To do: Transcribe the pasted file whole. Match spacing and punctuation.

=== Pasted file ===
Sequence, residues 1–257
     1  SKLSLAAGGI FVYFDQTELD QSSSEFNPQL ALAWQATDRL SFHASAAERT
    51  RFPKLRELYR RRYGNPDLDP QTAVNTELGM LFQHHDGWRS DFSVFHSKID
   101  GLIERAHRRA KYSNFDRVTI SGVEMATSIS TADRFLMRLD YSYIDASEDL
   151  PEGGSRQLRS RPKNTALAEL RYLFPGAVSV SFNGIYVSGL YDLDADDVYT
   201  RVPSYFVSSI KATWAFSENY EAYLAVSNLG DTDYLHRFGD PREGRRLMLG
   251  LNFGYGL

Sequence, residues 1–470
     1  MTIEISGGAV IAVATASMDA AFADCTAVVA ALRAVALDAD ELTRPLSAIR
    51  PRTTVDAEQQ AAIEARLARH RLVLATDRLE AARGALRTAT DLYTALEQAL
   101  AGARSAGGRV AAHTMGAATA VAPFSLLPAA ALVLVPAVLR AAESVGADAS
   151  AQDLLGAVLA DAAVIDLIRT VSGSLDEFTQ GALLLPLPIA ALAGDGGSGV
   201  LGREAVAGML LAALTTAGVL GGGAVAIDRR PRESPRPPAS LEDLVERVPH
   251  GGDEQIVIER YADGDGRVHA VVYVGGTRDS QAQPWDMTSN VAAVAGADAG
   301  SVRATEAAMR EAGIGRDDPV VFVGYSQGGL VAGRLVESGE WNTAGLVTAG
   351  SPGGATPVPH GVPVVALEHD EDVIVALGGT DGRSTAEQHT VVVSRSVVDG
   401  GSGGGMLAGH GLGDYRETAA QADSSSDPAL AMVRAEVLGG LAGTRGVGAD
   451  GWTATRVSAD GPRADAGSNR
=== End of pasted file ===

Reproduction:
Sequence, residues 1–257
     1  SKLSLAAGGI FVYFDQTELD QSSSEFNPQL ALAWQATDRL SFHASAAERT
    51  RFPKLRELYR RRYGNPDLDP QTAVNTELGM LFQHHDGWRS DFSVFHSKID
   101  GLIERAHRRA KYSNFDRVTI SGVEMATSIS TADRFLMRLD YSYIDASEDL
   151  PEGGSRQLRS RPKNTALAEL RYLFPGAVSV SFNGIYVSGL YDLDADDVYT
   201  RVPSYFVSSI KATWAFSENY EAYLAVSNLG DTDYLHRFGD PREGRRLMLG
   251  LNFGYGL

Sequence, residues 1–470
     1  MTIEISGGAV IAVATASMDA AFADCTAVVA ALRAVALDAD ELTRPLSAIR
    51  PRTTVDAEQQ AAIEARLARH RLVLATDRLE AARGALRTAT DLYTALEQAL
   101  AGARSAGGRV AAHTMGAATA VAPFSLLPAA ALVLVPAVLR AAESVGADAS
   151  AQDLLGAVLA DAAVIDLIRT VSGSLDEFTQ GALLLPLPIA ALAGDGGSGV
   201  LGREAVAGML LAALTTAGVL GGGAVAIDRR PRESPRPPAS LEDLVERVPH
   251  GGDEQIVIER YADGDGRVHA VVYVGGTRDS QAQPWDMTSN VAAVAGADAG
   301  SVRATEAAMR EAGIGRDDPV VFVGYSQGGL VAGRLVESGE WNTAGLVTAG
   351  SPGGATPVPH GVPVVALEHD EDVIVALGGT DGRSTAEQHT VVVSRSVVDG
   401  GSGGGMLAGH GLGDYRETAA QADSSSDPAL AMVRAEVLGG LAGTRGVGAD
   451  GWTATRVSAD GPRADAGSNR